Thursday, March 29, 2012

Some good news, some not so

Time for some local news:

Good: It's fun to be a sports fan right now. Asia League Ice Hockey just ended their playoffs with this author's favored HC Nikkou IceBucks going to the finals (although losing after a brave effort) and Major League Baseball is in town to open the season... and my long-ago home team Seattle Mariners got it done in game one with Japanese expat Suzuki Ichirou (I. Suzuki; "Ichiro") leading the team to victory. MLB has been great about doing the opening here, and has been both supportive of folks up in the Touhoku (NorthEast) who were so badly hit in last year's disasters and generous in donating some of the take to continued relief efforts.

Not So Good: The wrangling over designated no-go zones in the aftermath of the Fukushima Daiichi (Fukushima #1) nuclear disaster is proving to be difficult as towns severely effected are very *very* unhappy with the central government's designation and compensation plan. Adding this to the political panic over any nuclear power issue *and* the widespread unhappiness about the emergency response and the near-heartless policies in the aftermath of the disaster (ask any rancher in Fukushima Prefecture what happened to their livestock after the disaster, just for one thing) is going to keep attention focused on how much trouble this all is, not on how to make it better (which is where the focus should be).


Mr. Bill said...

How does one make it better? And how does one get publicity for a plan to make it better? Draw up a proposal and post to to blogs, on-line news comments, email to political entities? I understand, conceptually, the focus needs to change. But what is the solution or solutions, and how to effect those solutions? Or, at least, how would you go about getting attention to possible solutions?

Also, this is far more histrionic an idea than is practical, but may be one that gets recognized through its combined absurdity and tragedy. With regards to those who'd remain in their towns that are in or near no-go zones, it sounds as if they are taking up a "forced evolution" cause in speeding up chromosomal mutations. That might play well in monster-based or superhero-based manga, but in reality, it's suicide for the decision-makers and murder for their family members.

The in-place solutions offered to those whose homes and livelihoods were in the designated no-go areas are, I'm sure, far less than reasonable. I'm sure, too, that insurance companies are trying to find ways to keep from paying out on policies covering losses.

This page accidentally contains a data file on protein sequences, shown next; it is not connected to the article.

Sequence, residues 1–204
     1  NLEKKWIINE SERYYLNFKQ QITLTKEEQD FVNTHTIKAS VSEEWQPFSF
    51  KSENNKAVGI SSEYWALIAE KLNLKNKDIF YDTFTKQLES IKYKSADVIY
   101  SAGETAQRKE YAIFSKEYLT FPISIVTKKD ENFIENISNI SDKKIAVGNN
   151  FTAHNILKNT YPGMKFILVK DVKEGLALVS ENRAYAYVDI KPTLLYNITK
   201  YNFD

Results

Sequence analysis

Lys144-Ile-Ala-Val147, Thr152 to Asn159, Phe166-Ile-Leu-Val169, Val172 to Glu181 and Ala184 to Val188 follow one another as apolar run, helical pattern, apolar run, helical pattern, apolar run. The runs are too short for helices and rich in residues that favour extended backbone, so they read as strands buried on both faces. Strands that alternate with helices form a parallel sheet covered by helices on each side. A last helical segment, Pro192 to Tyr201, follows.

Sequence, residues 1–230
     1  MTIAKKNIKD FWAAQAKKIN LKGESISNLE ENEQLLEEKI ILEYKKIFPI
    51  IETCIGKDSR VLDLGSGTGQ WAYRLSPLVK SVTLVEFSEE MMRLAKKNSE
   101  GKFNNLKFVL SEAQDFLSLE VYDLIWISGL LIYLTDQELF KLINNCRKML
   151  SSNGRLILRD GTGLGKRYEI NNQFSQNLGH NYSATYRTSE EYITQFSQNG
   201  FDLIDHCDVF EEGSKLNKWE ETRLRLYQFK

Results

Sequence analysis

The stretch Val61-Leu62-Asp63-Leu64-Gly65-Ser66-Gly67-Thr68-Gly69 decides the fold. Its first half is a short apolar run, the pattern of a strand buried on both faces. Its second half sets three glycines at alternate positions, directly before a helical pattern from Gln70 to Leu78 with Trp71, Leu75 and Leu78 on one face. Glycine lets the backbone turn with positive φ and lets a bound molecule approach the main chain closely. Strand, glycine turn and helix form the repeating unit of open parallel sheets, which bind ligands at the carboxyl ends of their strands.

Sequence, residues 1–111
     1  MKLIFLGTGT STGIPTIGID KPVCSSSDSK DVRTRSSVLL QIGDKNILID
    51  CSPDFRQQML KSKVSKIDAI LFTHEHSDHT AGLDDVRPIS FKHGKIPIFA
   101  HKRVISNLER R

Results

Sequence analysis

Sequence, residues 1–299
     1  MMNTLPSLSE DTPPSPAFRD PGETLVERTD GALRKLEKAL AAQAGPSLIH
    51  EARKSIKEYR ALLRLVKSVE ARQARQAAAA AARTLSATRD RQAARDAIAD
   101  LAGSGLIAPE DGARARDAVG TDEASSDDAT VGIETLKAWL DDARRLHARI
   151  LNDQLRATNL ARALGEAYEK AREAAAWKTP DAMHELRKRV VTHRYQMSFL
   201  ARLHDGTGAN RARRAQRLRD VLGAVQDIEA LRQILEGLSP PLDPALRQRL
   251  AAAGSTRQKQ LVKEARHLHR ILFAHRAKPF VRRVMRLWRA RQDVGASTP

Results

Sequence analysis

Effecting real, viable solutions for those affected will probably take the efforts of strong, vocal politicians who don't intend on a career in politics. Creating a united "victim's voice" to decry the current solutions and swing focus onto how to do it better requires everyone affected to abandon what they are trying to keep hold of, acknowledge their material and intangible losses, and move on to a state of "I have lost all but my life due to (place the blame here). Government, what are you going to do to help me?" All of those people in that state of mind, all asking at once, persistently, cannot fail to be noticed.

The problem is, politicians are, by definition, in it for a career; and people who are victims of a tragedy are usually focused on "the good of me" not "the good of all".

L.Douglas Garrett said...

@Mr. Bill

I can't quite do justice in response to your thoughts, above; I'm a bit obliged.

The textbook example of "how to" influence public policy in the face of bad government choices, here, is Kan Naoto (N. Kan) 's campaign as a private citizen to overturn the disasterous government actions during the HIV Blood Products ("Green Cross") scandal.

The major issues regarding the exclusion zone are polar opposites: that the panic over radiation has caused over-reaction and over-caution, excluding residents from their homes and livelihoods when little or no danger exists (in some places), and; that there is virtually no trust of what the government or TEPCO (the plant operator) have reported as to actual contamination because for much of this event they announced things like "there is no real danger" and at the same time "we can't evacuate any livestock from farms because they are too dangerously contaminated"... neither of which has proven true.

There is no private insurance role in this part of the disaster. Japanese government liability for nuclear power plant incidents is precident (same as if a Defense Force airplane fell on your house, but in this case part of a declared emergency).

Otherwise, yes on your comment about the common good... but... we're constantly faced with the problem of politicians and the bureaucracy here being more concerned with what is good for the government than any real sense of common good. Remember, the American concept of "government existing to serve the people" is a rather new idea here and government often fall back into the thinking that government exists to benefit the government (think of the classic medical story of why OBGYNs used the stirrups in childbirth... it was for the convenience of the doctor, not for any benefit to the mother or child. Same thinking).

So there's a lot to it all. We're working on it.

L.Douglas Garrett said...

clarification: N. Kan was most involved in publicizing and condemning the Green Cross Scandal after being appointed Health Minister. His earlier role was not as important as I might have made it sound. My regrets.